647: Walking Across Fire Island

647: Walking Across Fire Island

647: Walking Across Fire Island


I’m Ada Limón and this is The Slowdown.

I love to walk, when I’m healthy and mobile enough to walk. It’s one of my favorite things to do to recenter myself, or rather decenter myself. Growing up in Northern California, I could walk from my house in Glen Ellen to the Sonoma Regional Park, the back way through the oak trees with a short path that trespassed on private property. I’d walk for hours there with my dog, a yellow lab named Dusty. Later, when I was a teenager, I remember once, my stepmother didn’t love the fact that I came home from school and immediately turned on the TV, so she told me to just go for a walk. To get out of the house. I was so mad at her. And so to spite her, I did as she told me, I went for a hike.

And a horrible thing for my teenage self happened: she was absolutely right. I felt so much better among the trees and high grasses and even as I watched carefully for rattlesnakes and mountain lions, I felt like my brain was emptying. All the gossip and politics of junior high unstuck itself from my skin and I was reminded that I was part of something larger than school or friend groups or someone I had a crush on.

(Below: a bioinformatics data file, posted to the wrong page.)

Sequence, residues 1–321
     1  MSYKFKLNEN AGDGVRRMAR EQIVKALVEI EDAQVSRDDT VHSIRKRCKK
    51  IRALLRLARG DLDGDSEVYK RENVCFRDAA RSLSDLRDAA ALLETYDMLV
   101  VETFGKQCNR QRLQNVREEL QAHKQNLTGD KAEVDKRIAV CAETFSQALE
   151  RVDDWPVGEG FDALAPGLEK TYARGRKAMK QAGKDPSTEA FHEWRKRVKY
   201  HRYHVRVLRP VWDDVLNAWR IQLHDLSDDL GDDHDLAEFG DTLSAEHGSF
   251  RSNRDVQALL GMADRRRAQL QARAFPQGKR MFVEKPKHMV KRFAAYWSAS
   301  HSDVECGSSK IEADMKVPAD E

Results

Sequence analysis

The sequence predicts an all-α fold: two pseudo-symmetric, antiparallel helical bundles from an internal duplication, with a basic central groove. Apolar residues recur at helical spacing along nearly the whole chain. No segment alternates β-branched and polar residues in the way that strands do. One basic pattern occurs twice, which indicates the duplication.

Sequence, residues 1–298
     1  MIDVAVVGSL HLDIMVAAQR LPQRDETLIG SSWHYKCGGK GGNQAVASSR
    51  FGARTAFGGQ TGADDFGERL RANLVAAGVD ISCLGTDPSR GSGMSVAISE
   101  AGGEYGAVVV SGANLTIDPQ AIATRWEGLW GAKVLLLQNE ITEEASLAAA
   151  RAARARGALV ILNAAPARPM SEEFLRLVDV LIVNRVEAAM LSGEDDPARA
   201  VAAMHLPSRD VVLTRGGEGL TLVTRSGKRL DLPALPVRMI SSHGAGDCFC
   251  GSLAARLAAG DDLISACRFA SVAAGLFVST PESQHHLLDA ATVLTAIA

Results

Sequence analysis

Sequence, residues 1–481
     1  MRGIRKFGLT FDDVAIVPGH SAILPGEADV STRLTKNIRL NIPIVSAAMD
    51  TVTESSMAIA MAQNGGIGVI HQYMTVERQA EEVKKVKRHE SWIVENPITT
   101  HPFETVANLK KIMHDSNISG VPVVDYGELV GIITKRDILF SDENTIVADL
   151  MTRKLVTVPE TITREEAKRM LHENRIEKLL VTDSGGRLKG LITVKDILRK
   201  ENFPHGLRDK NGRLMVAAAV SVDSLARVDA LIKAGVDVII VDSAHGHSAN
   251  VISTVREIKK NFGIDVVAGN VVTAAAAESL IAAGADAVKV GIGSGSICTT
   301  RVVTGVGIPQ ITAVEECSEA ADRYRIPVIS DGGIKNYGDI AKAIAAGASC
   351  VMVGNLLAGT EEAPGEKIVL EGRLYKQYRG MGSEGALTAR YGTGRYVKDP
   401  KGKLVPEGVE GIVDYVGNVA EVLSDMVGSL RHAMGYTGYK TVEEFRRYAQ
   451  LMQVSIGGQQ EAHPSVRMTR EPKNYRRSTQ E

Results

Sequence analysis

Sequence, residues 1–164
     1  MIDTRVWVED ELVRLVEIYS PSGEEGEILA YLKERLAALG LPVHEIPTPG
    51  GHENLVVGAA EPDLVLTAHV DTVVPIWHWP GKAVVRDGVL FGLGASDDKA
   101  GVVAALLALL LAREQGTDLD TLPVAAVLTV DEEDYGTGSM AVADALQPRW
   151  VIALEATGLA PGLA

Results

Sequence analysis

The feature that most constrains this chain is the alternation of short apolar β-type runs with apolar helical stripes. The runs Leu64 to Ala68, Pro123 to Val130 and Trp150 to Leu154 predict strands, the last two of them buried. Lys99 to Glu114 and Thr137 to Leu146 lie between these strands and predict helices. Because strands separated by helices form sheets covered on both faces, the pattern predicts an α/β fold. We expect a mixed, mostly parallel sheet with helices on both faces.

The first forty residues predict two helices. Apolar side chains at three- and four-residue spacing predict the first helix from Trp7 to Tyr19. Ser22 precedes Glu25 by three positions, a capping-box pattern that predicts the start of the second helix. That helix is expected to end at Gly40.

From then on, I’d walk many days after school and I did so through high school and then through college, walking down to Gasworks Park almost every day, watching the boats and seagulls pass by. Even in the rain, I’d walk. New York was the same. I once walked from Battery Park to Central Park all while lugging a backpack with the Norton Anthology of Poetry in it.

For me, it’s a solution to many things. When in doubt, I hit the road, get out of myself. Of course it doesn’t always work, and there were whole years where I was too sick with vertigo to properly go for a walk, but when it works, it really does work. You don’t have to have a plan. You don’t have to go fast or go slow. You don’t have to know the names of all the fauna and flora. You simply have to put your body into the world and something happens.

One of the reasons I love today’s poem is how it’s an ode to walking, a reverential description of how the brain changes when we encounter animals and our selves during the journey.

Walking Across Fire Island
by Shelley Wong

The ocean crashes & the bay rolls in.

Planks creak along the boardwalk, as a deer

emerges underneath. Umbrellas open

like sudden fruit. I inhale salt air

as fog lifts off the brush. Here, I can let

the deer know me. The daytrippers have sailed

& the sun is falling. My friend Nina once said

deer are dumb. I hear the Atlantic on two sides,

the sister ocean. To look and not think

about looking. Deer or gentle friend

or mothering question, perpetual guest,

Long Island duchess, beach hostess —

I am in a floating year. They must all

be related by now, the deer, like beaches.

I imagine a deer walking out of the ocean,

the water returning to me, as it always will.

"Walking Across Fire Island" by Shelley Wong. Used by permission of the poet.